Saturday, February 26, 2011

Blue Oyster Cult at Warner Park Concert Review

Blue Oyster Cult rocked a crowd of 7,000 at Warner Park on August 15, 2010.

Blue Oyster Cult performed at Warner Park on Sunday, August 15, 2010 as part of the Valley Cultural Center's Concerts On The Green. The show began just after 6 p.m. with a really good opening set by Allison Geddie. Blue Oyster Cult took the stage just before 7 p.m.

"The Red & The Black"

They opened the show with "The Red & The Black," a great rock song to start the night right. The band then went into "Before The Kiss, A Redcap" from the first album. This song has a really nice bass line. It's a fun, rockin' tune with a simple driving drum beat.

"Burnin' For You"

The band then played "Burnin' For You," one its most well known songs, from the 1981 release Fire Of Unknown Origin. There was a vocal microphone issue for just a moment, but it didn't mar this version of one of the band's classic hits. From there, they launched into "Shooting Shark," a very cool tune with a nice long jam, and followed it up with more jamming with the fun instrumental "Buck's Boogie."

"Cities On Flame With Rock And Roll"

For the hard rock fans, Blue Oyster Cult did "Cities On Flame With Rock And Roll," a heavy, hard rockin' song from their very first album. At the end, they sang, "Rock and..." and the audience shouted back, "Roll." They did this several times, quicker and quicker. Sure, it's a bit silly and cheesy, but who cares? It's a fun rock show. Toward the end of this song, there was a strange guitar solo.

"Then Came The Last Days Of May" is a nice long song with some great work on guitar. This song was also included on their first album.


"Godzilla" is a great and silly rock tune from the band's 1977 release Spectres. The band milked it for all it was worth, which is of course what everyone expected and what everyone wanted. They joked during the song's introduction that it's about paleontology and the one surviving dinosaur.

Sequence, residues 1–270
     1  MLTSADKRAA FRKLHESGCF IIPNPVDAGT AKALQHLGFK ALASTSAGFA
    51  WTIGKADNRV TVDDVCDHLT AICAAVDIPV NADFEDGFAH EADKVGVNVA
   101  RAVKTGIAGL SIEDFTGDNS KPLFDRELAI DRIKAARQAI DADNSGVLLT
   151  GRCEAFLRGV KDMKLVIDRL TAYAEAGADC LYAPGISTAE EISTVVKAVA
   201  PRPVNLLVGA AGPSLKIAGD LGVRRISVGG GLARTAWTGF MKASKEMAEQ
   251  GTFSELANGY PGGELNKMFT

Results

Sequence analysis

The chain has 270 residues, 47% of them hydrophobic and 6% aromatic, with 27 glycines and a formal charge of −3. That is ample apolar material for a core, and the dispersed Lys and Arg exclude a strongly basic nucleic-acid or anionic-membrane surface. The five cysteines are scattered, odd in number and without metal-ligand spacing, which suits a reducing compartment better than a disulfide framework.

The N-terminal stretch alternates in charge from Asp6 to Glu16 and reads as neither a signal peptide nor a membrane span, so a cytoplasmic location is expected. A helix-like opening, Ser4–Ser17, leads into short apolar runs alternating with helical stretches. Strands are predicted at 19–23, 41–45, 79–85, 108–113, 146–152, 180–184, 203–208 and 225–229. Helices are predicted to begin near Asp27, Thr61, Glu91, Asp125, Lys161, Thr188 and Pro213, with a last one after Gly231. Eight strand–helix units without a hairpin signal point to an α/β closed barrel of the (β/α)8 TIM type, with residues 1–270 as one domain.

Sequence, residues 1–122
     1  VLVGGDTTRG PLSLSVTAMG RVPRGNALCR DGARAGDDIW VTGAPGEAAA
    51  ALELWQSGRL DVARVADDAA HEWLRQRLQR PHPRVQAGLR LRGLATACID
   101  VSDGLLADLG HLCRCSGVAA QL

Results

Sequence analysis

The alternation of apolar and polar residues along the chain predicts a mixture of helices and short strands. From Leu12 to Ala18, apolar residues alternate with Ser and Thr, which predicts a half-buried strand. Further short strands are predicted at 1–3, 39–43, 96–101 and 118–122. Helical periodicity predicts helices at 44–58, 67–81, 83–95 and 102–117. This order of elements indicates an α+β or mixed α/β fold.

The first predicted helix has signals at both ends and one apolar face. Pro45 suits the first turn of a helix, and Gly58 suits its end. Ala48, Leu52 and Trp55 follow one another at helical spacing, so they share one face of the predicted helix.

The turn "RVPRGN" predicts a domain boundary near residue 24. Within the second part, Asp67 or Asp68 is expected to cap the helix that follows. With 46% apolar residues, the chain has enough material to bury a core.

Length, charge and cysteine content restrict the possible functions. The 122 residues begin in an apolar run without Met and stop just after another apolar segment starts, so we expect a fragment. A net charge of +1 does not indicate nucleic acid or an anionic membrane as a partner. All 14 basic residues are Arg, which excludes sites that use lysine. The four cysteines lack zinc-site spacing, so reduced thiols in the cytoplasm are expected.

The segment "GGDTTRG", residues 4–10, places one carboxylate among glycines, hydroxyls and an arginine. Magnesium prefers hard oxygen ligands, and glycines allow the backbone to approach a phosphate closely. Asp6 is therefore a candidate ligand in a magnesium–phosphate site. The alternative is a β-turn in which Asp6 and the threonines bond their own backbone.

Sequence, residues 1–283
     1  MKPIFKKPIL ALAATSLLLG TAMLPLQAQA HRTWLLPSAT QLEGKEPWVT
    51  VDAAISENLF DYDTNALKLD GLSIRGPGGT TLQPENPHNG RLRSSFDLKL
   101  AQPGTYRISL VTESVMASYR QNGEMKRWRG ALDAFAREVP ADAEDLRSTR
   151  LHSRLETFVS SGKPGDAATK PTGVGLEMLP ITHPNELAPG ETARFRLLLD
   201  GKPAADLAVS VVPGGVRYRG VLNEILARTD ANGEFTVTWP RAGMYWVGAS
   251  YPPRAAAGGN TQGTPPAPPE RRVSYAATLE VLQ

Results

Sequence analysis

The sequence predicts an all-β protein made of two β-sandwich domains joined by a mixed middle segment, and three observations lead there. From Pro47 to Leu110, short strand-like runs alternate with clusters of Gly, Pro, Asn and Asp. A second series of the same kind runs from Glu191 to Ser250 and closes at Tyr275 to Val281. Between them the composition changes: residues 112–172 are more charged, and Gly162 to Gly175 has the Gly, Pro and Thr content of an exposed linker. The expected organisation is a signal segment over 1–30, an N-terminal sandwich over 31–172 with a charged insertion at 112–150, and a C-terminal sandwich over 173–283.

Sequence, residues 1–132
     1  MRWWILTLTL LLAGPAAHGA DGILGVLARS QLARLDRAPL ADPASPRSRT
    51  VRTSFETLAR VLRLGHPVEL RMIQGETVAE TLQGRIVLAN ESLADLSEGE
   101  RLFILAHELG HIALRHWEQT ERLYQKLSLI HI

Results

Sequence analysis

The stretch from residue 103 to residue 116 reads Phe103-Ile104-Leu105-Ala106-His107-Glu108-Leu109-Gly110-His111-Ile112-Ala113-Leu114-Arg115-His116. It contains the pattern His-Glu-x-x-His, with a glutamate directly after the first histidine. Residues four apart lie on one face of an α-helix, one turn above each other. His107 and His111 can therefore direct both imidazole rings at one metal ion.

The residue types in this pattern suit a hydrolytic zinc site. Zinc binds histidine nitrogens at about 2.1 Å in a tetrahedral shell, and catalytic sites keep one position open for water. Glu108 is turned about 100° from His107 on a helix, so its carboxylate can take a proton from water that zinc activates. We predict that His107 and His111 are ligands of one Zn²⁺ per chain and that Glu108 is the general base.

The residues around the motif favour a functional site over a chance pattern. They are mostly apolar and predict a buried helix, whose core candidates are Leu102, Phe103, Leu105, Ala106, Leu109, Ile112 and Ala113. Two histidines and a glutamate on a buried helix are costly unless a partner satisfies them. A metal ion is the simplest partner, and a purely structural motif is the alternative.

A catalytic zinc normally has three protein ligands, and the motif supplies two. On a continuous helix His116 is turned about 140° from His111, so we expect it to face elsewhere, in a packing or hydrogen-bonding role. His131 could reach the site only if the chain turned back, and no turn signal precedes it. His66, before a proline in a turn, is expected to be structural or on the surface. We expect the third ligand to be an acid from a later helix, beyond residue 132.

Rudy Sarzo, the bass player, is interestingly the biggest show man of the band, moving all over the stage. Rudy was not the original bass player for Blue Oyster Cult, but his name is familiar to fans of hard rock. He played with Ozzy Osborne, Quiet Riot, Whitesnake and several other bands.

And during "Godzilla," they made mention of these other bands, and did little teases of several songs, such as "Cum On Feel The Noize" and "Here I Go Again." Most of the band left the stage so that Rudy and Jules on drums could each solo. This was one of the highlights of the show. And it led back into "Godzilla."

"Don't Fear The Reaper"

Blue Oyster Cult ended the set with their most famous song, "(Don't Fear) The Reaper." It was predictable, sure, but it was also great. Everyone was up and dancing for this one.

The encore was "Hot Rails To Hell."

Set List

  1. The Red & The Black
  2. Before The Kiss, A Redcap
  3. Burnin' For You
  4. Shooting Shark
  5. Buck's Boogie
  6. Cities On Flame With Rock And Roll
  7. Then Came The Last Days Of May
  8. Godzilla >
  9. Cum On Feel The Noize >
  10. Here I Go Again >
  11. Over The Mountain >
  12. bass solo >
  13. Holy Diver >
  14. drum solo >
  15. Godzilla
  16. (Don't Fear) The Reaper
  1. Hot Rails To Hell

Blue Oyster Cult's current line up is original member Eric Bloom on vocals, guitar and keyboards, original member Donald "Buck Dharma" Roeser on guitar and vocals, Richie Castellano on keyboards, guitar and vocals, Rudy Sarzo on bass and vocals, and Jules Radino on drums.

The Valley Cultural Center estimates that 7,000 people attended the Blue Oyster Cult concert. Most of the people were cool, but there was of course that one inbred moron with several teeth missing who demanded that people in front stop dancing during "Godzilla." He threatened a couple of people, who refused to comply with his ridiculous demands, but fortunately a friend of his was wise enough to pull him away before he did something stupid. It's a shame these people are let out of their cages, but this guy didn't really dampen the spirit of the audience. Everyone seemed happy at the end of the show. They'd gotten a good evening of rock from Blue Oyster Cult.

(Note: I originally posted this review on August 16, 2010.)

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